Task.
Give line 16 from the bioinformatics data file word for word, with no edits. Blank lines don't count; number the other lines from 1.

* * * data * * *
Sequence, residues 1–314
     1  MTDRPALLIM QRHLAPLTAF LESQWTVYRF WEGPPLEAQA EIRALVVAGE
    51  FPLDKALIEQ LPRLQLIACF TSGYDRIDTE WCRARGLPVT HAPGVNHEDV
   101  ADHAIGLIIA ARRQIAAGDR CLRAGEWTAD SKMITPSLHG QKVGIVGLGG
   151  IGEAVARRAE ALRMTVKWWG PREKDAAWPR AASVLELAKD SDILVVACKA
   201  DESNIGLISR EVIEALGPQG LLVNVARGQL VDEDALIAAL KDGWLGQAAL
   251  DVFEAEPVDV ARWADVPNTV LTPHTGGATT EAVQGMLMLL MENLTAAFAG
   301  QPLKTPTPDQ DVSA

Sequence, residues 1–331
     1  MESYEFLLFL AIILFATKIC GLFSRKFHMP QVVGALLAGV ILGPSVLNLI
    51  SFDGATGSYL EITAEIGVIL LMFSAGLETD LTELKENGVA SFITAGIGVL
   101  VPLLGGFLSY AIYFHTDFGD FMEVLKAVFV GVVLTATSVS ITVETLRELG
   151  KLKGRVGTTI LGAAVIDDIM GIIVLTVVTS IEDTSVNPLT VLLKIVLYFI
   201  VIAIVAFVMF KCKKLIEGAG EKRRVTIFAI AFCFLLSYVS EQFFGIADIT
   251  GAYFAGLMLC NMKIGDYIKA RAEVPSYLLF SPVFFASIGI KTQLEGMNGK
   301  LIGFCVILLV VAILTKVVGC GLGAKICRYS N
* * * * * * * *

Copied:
   301  LIGFCVILLV VAILTKVVGC GLGAKICRYS N